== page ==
Doug Fischer

Ishida grateful for second opportunity to shock the boxing world


Every boxer who laces on a pair of gloves dreams of winning a world title and the fame and fortune that is supposed to come with that achievement. Very few realize that dream. Even fewer take part in a fight that shocks the boxing world.

altNobuhiro Ishida did the latter by scoring a first-round technical knockout of fearsome junior middleweight slugger James Kirkland last April. Can the 36-year-old Japanese veteran do it again against Paul Williams, who he faces in the main event of a Showtime-televised card from Corpus Christi, Texas, on Saturday?

Ishida realizes that he’s going to have to in order to get a shot at realizing that dream that every fighter has. He thought he was on his way in the wake of his victory over Kirkland, which was part of the undercard of the Erik Morales-Marcos Maidana HBO Pay-Per-View broadcast.

He was wrong.

“The Kirkland win seemed like a curse,” said Rudy Hernandez, Ishida’s trainer. “We thought we had a deal to fight Paul Williams for $200,000 on HBO last July, but HBO squashed that bout. He had two scheduled bouts that fell through in August and two more that fell through in September.

“Finally, I just sent him back to Japan. It wasn’t fair to keep him training for fights that weren’t going to happen.”

Saul Alvarez, the WBC 154-pound beltholder who happens to be Ishida’s promoter in Mexico, flew in the 6-foot-1 boxer to serve as a sparring partner for his title defense against Kermit Cintron in Mexico City last November; he also managed to find a place for his Japanese middleweight on his undercard. However, it wasn’t the caliber fight or opponent that Team Ishida had hoped for.

“The fight on Canelo’s undercard was a four rounder,” said Hernandez, who wasn’t aware that Ishida’s opponent, Edson Espinoza, was making his pro debut, according to

Ishida stopped in Espinoza in the first round, but ended 2011 feeling that his career was going backwards, according to Hernandez. It seemed to come full circle when he was again selected as an opponent for Williams, who struggled to beat Ishida’s replacement, Erislandy Lara, by controversial majority decision last July.

Once more, Ishida faces a heavily favored American southpaw who is in need of a “soft-touch” opponent. Kirkland,alt who was two bouts – both quickie KOs – into his comeback from incarceration and two years of inactivity, was in need of rounds with a durable-but-non-threatening fighter. Ishida, who hadn’t been stopped in 30 bouts but hadn’t defeated anyone of note, seemed perfect.

He also seems perfect for Williams. Ishida is a right-handed boxer with only nine KOs among his 24 victories. The towering former two-time welterweight titleholder, who was brutally knocked out by southpaw middleweight champ Sergio Martinez and nailed by countless lefts from left-handed Lara in his last two bouts, is in obvious need of a confidence booster.

Ishida (24-6-2, 9 knockouts) doesn’t mind being the underdog again. He just wants the opportunity to prove that he belongs in the world-class junior middleweight and middleweight mix. Ishida believes that a victory over Williams (40-2, 27 KOs), who was THE RING’s No. 2-rated middleweight and No. 5 on the magazine’s pound-for-pound list prior to his second-round KO to Martinez, will do just that.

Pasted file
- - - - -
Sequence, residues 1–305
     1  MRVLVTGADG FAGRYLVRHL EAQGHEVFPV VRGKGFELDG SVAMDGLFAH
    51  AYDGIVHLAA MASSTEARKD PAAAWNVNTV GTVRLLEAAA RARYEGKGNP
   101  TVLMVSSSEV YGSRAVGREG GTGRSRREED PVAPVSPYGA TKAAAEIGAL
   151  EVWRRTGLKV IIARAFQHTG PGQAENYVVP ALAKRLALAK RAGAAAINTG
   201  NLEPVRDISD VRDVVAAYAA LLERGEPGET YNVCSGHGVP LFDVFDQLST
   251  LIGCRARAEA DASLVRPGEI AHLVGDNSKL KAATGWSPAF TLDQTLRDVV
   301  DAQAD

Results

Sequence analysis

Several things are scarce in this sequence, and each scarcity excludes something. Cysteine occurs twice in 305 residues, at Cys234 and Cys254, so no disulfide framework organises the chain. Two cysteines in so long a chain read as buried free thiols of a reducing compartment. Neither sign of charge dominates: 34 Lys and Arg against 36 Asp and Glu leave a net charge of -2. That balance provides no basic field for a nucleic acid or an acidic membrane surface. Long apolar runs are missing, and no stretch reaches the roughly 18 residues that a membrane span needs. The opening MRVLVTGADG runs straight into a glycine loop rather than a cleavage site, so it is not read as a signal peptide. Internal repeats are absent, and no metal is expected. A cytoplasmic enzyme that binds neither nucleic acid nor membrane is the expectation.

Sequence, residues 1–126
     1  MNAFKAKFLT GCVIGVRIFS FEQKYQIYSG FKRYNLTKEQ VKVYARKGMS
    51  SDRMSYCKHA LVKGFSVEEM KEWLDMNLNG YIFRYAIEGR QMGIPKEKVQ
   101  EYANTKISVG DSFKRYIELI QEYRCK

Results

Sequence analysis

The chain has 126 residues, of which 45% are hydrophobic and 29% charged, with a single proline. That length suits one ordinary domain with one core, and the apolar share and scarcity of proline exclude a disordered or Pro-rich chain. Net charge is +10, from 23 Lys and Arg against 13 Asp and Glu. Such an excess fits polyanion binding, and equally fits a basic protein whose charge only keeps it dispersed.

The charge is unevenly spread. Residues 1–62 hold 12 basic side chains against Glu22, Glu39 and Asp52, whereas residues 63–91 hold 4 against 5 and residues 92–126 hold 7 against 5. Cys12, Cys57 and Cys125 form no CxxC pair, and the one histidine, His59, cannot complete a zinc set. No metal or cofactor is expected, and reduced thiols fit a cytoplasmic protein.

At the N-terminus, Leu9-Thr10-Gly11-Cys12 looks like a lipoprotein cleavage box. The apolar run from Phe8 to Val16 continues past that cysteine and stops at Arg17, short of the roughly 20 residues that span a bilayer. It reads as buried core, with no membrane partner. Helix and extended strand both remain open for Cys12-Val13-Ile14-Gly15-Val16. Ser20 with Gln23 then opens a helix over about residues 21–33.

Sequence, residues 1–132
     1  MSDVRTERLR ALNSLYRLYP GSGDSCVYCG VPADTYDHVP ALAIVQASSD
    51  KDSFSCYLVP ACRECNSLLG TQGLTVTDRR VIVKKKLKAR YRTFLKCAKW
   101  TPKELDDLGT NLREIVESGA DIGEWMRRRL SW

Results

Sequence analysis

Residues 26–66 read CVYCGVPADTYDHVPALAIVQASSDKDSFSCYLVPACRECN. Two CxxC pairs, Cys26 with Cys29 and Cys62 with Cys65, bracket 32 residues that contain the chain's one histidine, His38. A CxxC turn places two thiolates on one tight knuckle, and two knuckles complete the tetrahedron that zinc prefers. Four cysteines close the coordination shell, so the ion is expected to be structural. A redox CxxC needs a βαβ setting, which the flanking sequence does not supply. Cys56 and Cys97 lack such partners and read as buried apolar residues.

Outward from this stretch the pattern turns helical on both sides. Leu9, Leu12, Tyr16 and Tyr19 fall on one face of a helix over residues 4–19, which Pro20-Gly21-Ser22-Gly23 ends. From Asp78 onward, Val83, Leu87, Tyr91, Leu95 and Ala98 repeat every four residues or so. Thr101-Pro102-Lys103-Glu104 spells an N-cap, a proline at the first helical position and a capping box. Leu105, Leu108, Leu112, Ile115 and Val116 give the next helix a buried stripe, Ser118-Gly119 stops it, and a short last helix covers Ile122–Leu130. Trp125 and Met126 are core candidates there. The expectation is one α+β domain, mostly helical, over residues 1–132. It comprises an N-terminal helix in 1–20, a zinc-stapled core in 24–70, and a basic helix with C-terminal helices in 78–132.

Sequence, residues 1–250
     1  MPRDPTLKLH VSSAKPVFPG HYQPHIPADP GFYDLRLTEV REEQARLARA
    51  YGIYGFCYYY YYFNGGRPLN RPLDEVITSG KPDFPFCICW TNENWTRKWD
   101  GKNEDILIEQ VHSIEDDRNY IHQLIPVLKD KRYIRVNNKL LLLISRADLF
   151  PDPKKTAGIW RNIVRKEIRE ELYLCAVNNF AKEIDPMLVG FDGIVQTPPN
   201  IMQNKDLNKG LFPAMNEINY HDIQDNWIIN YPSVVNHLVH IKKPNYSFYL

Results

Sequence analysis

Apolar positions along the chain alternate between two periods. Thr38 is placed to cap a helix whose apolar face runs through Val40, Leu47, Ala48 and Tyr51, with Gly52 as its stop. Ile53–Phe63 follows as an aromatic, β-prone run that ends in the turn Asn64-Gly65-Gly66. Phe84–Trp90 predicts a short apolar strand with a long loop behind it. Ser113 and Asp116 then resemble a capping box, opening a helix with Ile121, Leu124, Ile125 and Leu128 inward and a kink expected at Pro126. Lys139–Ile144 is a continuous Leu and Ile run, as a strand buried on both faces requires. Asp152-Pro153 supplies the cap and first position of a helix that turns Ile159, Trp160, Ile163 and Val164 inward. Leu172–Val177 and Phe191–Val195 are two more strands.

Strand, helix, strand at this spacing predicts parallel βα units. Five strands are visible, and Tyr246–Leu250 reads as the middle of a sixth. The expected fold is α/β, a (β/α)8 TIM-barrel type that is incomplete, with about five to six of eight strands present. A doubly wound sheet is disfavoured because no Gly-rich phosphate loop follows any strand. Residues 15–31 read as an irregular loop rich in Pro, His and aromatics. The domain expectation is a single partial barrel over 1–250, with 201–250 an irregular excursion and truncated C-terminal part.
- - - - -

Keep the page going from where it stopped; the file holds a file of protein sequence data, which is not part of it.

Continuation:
“This will be the toughest fight of my career,” Ishida told through co-trainer Daisuke Okabe. “Williams has a good chin and good power; he’s also tall and left handed. But he comes to fight and he doesn’t always use his reach, which is good for me. I’m going to be right there. He won’t run and neither will I.

“Normally, I use my jab and move around the ring. I try to use my height and box. But when I’m the underdog I know I have to fight. I am comfortable doing that. I can fight on the inside.”

Hernandez claims that Ishida is a better insider fighter than he is a stick-and-move boxer. However, the veteran trainer and cutman says his fighter’s mindset is more important than the boxing style he chooses to employ once the bell rings.

“It’s all mental now,” Hernandez said. “I want him to think about why he is fighting, and why this fight is so important. It’s because he can make a better life for his family, and he can make history.

“This fight is more meaningful than winning a world title. Beating Paul Williams, who is well known and respected worldwide, would make his career. When has a Japanese fighter – never mind a middleweight, but of any weight class – come to America and defeated two top American fighters? He can be the first; he just has to believe he can do it.”

Ishida has enough belief to put in the work. He’s bounced back and forth between the Maywood Boxing Club in Maywood, Calif., the Azteca gym in Bell, The Rock training center in Carson, and The Eddie Heredia Boxing Club in East L.A., in search of quality sparring that has included 6-foot-1 welterweight prospect Hugo Centeno (11-0, 6 KOs) from Oxnard and Ray Rivera, a 2-0 junior middleweight from L.A.

Ishida, who sparred three 12-round sessions with multiple partners last week, says Rivera was the only left-handed fighter of the bunch, but he’s not concerned about Williams’ southpaw stance.

“Punch output was important to me,” said the married father of two children who makes his home in Osaka when he isn’t training. “I wanted pressure from my sparring partners. I wanted them to make me work hard and work on my defense. They did that and now I feel I am ready for Williams.”

Hernandez, who has worked with Ishida in the gym for years but didn’t join him in the corner until the Kirkland fight, says the underdog better be ready.

“He’s been a pro for almost 12 years, he’s 36 years old,” Hernandez said. “At this stage of his career, this is pretty much it.”



Photos / Naoki Fukuda and Chris Cozzone-Fightwireimages

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